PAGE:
No benefit of rilotumumab in MET-positive gastric cancer

Reuters Health Information: No benefit of rilotumumab in MET-positive gastric cancer

No benefit of rilotumumab in MET-positive gastric cancer

Last Updated: 2017-10-09

By Lorraine L. Janeczko

NEW YORK (Reuters Health) - Patients with MET-expressing gastric or gastroesophageal cancer do not fare better when rilotumumab is added to their medication regimen, new research suggests.

"Ligand-blocking inhibition of the MET pathway with rilotumumab is not effective in improving clinical outcomes in patients with MET-positive gastric or gastro-oesophageal adenocarcinoma," Dr. Daniel V.T. Catenacci of the University of Chicago and his coauthors write in The Lancet Oncology, online September 25.

For the phase 3 RILOMET-1 trial, conducted at 152 centers in 27 countries, the researchers recruited adults who had unresectable locally advanced or metastatic gastric or gastrooesophageal junction adenocarcinoma, Eastern Cooperative Oncology Group (ECOG) performance status 0 or 1, MET-positive tumors, and evaluable disease - and who had not already received systemic therapy.

They randomly assigned 609 such patients to receive either rilotumumab or placebo - plus open-label chemotherapy with epirubicin, cisplatin, and capecitabine - in 21-day cycles for up to 10 cycles.

After completing chemotherapy, participants continued to receive rilotumumab or placebo monotherapy until their disease progressed, they could not tolerate the treatment, or they withdrew consent.

After an independent data monitoring committee found more deaths in the rilotumumab group, participants in that group discontinued all study treatment. Median follow-up was 7.7 months in the rilotumumab group and 9.4 months in the placebo group.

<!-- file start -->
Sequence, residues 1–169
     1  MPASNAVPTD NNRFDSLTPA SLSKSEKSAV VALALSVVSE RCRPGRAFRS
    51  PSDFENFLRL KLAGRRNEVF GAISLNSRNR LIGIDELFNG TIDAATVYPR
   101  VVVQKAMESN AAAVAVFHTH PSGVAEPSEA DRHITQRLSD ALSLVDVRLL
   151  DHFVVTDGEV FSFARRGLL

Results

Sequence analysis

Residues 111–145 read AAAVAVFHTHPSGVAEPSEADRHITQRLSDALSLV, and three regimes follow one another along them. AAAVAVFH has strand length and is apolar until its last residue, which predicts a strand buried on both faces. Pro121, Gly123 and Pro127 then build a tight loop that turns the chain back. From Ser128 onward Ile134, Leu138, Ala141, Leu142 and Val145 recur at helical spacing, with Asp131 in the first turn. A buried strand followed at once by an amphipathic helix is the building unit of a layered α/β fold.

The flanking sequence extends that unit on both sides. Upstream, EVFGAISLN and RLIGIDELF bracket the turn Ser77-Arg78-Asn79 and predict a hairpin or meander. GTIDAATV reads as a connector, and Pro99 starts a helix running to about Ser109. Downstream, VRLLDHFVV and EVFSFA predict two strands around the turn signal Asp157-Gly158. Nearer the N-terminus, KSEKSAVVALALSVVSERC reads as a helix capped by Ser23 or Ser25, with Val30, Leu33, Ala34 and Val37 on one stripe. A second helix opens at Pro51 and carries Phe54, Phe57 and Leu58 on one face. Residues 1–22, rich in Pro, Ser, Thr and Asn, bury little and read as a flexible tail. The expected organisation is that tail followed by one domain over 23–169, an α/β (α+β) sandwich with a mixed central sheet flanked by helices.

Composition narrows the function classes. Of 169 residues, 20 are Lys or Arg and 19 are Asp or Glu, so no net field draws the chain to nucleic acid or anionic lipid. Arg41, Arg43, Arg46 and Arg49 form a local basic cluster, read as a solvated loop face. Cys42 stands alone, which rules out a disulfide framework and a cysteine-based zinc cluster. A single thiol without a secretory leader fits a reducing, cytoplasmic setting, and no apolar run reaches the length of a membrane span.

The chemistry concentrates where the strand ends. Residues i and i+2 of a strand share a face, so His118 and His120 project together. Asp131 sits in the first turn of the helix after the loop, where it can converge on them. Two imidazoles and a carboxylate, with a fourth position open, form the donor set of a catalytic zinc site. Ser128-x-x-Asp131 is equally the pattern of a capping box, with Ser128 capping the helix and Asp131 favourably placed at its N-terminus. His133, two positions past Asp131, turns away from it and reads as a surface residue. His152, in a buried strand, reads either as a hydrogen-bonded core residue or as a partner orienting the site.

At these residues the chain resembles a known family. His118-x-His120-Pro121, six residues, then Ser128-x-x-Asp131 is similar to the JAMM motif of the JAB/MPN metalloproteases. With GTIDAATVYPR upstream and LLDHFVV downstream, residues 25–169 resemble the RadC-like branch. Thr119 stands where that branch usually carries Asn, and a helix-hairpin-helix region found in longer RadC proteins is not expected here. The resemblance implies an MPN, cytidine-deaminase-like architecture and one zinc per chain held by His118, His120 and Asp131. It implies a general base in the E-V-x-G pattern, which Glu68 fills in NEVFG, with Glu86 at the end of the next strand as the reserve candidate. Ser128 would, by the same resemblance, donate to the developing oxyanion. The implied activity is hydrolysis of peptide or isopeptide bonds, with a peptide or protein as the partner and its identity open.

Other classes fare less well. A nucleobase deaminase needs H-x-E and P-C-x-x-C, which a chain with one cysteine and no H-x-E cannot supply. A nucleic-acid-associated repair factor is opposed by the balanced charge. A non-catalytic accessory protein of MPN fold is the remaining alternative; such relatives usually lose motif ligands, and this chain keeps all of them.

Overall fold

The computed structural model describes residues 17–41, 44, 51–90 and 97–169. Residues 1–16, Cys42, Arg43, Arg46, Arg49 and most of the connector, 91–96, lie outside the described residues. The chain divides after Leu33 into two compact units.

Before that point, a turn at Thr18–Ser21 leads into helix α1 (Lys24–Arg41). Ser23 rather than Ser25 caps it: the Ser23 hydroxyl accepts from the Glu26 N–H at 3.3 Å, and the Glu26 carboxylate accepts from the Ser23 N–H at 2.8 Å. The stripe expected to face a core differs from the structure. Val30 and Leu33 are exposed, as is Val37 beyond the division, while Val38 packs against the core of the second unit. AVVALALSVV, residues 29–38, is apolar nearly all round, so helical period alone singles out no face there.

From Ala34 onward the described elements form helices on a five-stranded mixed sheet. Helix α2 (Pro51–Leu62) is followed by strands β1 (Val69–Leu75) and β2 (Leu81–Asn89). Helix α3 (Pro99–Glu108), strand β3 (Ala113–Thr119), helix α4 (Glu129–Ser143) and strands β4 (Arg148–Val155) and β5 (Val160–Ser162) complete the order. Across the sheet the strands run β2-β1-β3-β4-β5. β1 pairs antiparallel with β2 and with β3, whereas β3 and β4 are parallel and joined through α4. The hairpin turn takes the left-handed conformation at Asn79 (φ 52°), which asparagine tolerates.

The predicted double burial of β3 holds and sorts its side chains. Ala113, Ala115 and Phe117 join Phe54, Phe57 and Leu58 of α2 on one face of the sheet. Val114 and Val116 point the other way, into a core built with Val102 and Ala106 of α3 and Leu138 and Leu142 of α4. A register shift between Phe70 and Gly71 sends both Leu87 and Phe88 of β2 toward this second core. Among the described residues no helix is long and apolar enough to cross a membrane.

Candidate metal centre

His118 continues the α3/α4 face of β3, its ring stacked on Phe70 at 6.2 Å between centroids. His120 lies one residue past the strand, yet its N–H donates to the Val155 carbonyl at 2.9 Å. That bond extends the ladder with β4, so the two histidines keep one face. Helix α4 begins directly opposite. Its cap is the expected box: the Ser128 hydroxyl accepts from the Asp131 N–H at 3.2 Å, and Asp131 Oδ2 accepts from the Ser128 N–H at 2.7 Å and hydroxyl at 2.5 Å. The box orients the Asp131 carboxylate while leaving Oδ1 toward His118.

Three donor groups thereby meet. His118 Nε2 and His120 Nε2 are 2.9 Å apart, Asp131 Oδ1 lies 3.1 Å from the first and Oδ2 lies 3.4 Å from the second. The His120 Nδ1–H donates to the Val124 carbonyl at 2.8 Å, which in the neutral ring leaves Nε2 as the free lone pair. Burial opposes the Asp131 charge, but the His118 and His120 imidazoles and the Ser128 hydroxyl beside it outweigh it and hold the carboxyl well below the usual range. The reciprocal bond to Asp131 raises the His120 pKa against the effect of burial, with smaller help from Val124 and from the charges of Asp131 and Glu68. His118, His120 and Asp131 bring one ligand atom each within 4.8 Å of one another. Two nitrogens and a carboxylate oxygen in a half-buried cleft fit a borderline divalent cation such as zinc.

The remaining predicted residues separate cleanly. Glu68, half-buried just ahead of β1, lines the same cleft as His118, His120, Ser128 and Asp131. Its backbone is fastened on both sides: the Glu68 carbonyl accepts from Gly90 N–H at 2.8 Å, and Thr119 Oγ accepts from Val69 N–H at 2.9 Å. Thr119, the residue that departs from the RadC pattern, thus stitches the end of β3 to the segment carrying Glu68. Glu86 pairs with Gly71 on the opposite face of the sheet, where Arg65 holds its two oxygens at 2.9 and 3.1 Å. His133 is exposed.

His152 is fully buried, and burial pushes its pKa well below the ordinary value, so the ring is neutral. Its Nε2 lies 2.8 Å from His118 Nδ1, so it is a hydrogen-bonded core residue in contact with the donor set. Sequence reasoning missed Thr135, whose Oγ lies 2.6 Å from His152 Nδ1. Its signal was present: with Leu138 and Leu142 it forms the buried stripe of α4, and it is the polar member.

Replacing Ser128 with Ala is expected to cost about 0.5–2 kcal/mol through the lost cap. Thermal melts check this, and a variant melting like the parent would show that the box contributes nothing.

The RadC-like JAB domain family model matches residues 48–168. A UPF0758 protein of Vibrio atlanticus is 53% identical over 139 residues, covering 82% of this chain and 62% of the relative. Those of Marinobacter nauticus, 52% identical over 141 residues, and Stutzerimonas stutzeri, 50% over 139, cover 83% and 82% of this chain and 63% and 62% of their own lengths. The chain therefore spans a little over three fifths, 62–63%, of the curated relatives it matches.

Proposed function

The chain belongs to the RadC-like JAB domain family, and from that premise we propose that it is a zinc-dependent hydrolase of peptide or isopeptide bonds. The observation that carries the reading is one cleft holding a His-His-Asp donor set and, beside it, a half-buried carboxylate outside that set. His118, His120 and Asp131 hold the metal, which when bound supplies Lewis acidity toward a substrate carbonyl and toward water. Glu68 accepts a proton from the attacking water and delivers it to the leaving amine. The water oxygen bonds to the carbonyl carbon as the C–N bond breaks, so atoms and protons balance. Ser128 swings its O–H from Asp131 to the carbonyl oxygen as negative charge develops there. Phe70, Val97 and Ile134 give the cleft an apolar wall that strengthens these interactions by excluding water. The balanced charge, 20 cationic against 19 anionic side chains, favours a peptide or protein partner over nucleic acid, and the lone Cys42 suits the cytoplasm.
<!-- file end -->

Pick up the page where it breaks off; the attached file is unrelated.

Median overall survival was 8.8 months with rilotumumab and 10.7 months with placebo (P=0.003).

The most common grade 3-5 adverse events were neutropenia, anemia, and fatigue - with roughly similar percentages in both groups. Serious adverse events occurred in about half of both groups.

Deaths due to adverse events occurred in 14% of the rilotumumab group and 10% of the placebo group. Mortality related to disease progression occurred in 11% and 8%, respectively.

Dr. Davendra Sohal of Cleveland Clinic, in Ohio, told Reuters Health by email that the trial "showed no benefit - in fact, it showed detriment - from rilotumumab. The take-home point," he said, "is that MET did not prove to be a therapeutic target. HER2 remains the only molecular target in esophagogastric cancers."

Dr. Sohal, who was not involved in the study, noted that such findings, though disappointing, are not new. "In fact," he said, "most targeted therapies (except trastuzumab) have failed in this setting."

Dr. Axel Grothey of Mayo Clinic in Rochester, Minnesota, who coauthored an accompanying commentary on the study, told Reuters Health in a phone interview, "This rigorous testing of a new targeted therapy in a randomized study left no doubt that with this approach there was no benefit."

"It is not clear whether this class of agents has a chance to be effective in this malignancy," Dr. Grothey added. "It is very difficult to develop targeted agents in gastric cancer."

"Could the targeted agent have had a better chance to succeed with better patient selection?" he asked. "Unfortunately, we have seen more disappointments in oncology than happy surprises, with the exception of some patients on immunotherapy now," he said.

"Many studies are being conducted now in gastric cancer," Grothey offered. "Moving forward, we are focusing on immunotherapy, including for gastric cancer. But most patients still do not benefit from immunotherapy, so the next step . . . is combining immunotherapy with targeted agents or with chemotherapy."

Dr. Sohal added that the role of immunotherapy is the most exciting news in this area. "Pembrolizumab has FDA approval now for use in microsatellite instability-high (MSI-H) tumors, as well as PD-L1 expressing (combined positive score 1 on IHC) esophagogastric cancers," he noted. "Therefore, for all eligible esophagogastric cancer patients, we now test MSI and PD-L1 status routinely to see if immunotherapy may be an option for second-line management."

Amgen, maker of rilotumumab, funded the study.

SOURCES: http://bit.ly/2y4PcZK and http://bit.ly/2fSiYqS

Lancet Oncol 2017.

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